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ORIGINAL ARTICLE Table of Contents   
Year : 2021  |  Volume : 18  |  Issue : 4  |  Page : 187-189
Bipolar circumcision: A new technique for an old procedure with quantified cosmetic outcome

1 Department of Paediatric Surgery, Bab Alhawa Relief Hospital, Edleb, Syria
2 Department of Paediatric Surgery, Bab Alhawa Relief Hospital, Edleb, Syria; Department of Paediatric Surgery, Aljalila Specialty Children's Hospital, Dubai, United Arab Emirates

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Date of Submission17-Jul-2020
Date of Decision10-Sep-2020
Date of Acceptance19-Sep-2020
Date of Web Publication30-Jul-2021


Background: Circumcision using bipolar diathermy is well established and used widely. It seems to be superior in terms of post operative complications. The cosmetic outcome of the procedure has never been quantitatively described though. Aims: To describe a modification to performing circumcision with bipolar that involves applying four clamps to the foreskin as it is being amputated with the bipolar so that a consistent length of the mucosal cuff can be obtained with a single almost bloodless cut. Methods: Prospective case series of all patients circumcised using the 4 clamps traction and bipolar cut technique. The cosmetic outcome was assessed in terms of the length of the mucosal cuff in absolute numbers and in proportion to the penile and glanular length. Results: Seventy four patients were recruited with a median age of 3.5 months. No complications were encountered. The average length of the penis was 40 ± 13 mm and the glans 12 ± 3.6 mm. The average length of the mucosal cuff was 8.4 ± 2.9 mm, and the proportion to total penile length was 21.1% ± 4.7% and to glans length 72% ± 24.1%. Conclusion: The four clamp traction method with bipolar circumcision is safe and has a satisfactory cosmetic outcome.

Keywords: Bipolar, circumcision, quantified outcome

How to cite this article:
El-Mefleh N, Kaddah M, Ba'Ath ME. Bipolar circumcision: A new technique for an old procedure with quantified cosmetic outcome. Afr J Paediatr Surg 2021;18:187-9

How to cite this URL:
El-Mefleh N, Kaddah M, Ba'Ath ME. Bipolar circumcision: A new technique for an old procedure with quantified cosmetic outcome. Afr J Paediatr Surg [serial online] 2021 [cited 2023 Feb 3];18:187-9. Available from:

   Introduction Top

Circumcision is one of the oldest and most widely practiced procedures.[1] Numerous techniques exist with no consensus on which is best. The use of bipolar diathermy is well established and might result in less tissue damage, bleeding complications and reduced operative time.[2],[3],[4] The precise cosmetic result, however, has not been described. We here describe a new modification to the technique using regular bipolar forceps without resorting to blind crushing or cutting of the foreskin and present the cosmetic result in terms of the length of the mucosal cuff.

   Methods Top

The technique used is briefly described and shown in [Figure 1] and [Figure 2]. The numbers in the methods section refers to the numbers in the figures. Initially, the foreskin is fully separated from the glans. The fraenulum is taken down with bipolar (1). The mucosa is then held with two clamps: ventrally just below the lower end of the divided fraenulum (2) and dorsally just above the paraphimotic ring that results from retraction of the foreskin (3). The clamps are pulled up (4, 5) and a soft non crushing McIndoe forceps is then placed on the skin at the level of the edge of the corona, and the skin then is pulled back up above the glans and held tightly (6). Two additional clamps are placed on the external skin to maintain traction (7,8). Having the 4 clamps in position before cutting ensure tension is applied both on the inner and outer prepuce. Two clamps are applied on inner prepuce and two on outer. The foreskin is then divided just above the forceps with the bipolar forceps using a piecemeal movement and under direct vision (9, 10). We use the macro setting with a power of 12 on our machine (Valleylab) for the cutting part of the procedure. No additional trimming of mucosa was done. Any residual bleeding point is handled with bipolar on standard setting. The skin and mucosa are then re approximated (11) with four fine absorbable sutures (5 0 Vicryl Rapide). All consecutive boys who underwent circumcision using this technique between December 2018 and September 2019 were enrolled, and the data were collected prospectively, recording age, any complications, length of glans, penis and mucosal cuff following circumcision. The length was measured with penis held from the meatus using fine forceps without excessive stretching (12). The length was considered in absolute numbers (in mm) and as a percentage to the penile length. The data were presented as mean ± SD or median as appropriate.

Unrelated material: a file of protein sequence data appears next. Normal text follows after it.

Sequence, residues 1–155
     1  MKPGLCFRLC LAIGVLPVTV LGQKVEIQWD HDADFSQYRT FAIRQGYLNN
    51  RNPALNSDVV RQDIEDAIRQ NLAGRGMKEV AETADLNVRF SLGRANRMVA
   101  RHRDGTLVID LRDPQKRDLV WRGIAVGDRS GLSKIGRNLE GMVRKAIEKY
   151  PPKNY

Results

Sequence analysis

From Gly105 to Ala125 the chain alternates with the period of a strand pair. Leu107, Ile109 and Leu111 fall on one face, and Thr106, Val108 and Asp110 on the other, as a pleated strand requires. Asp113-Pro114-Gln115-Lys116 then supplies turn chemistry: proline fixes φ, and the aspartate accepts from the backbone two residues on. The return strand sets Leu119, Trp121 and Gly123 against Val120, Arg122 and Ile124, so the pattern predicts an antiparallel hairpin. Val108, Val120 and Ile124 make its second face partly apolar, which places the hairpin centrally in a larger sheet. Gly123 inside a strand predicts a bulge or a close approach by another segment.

Figure 1: Technical steps of circumcision 1–6

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Figure 2: Technical steps of circumcision 7–12

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   Results Top

Seventy-four patients were recruited. The median age was 3.5 months (quartiles 2–12). No complications were encountered. The average length of the penis was 40 ± 13 mm and the glans 12 ± 3.6 mm. The average length of the mucosal cuff was 8.4 ± 2.9 mm, and the proportion to total penile length was 21.1% ± 4.7% and to glans length 72% ± 24.1%. The detailed results are presented in [Table 1].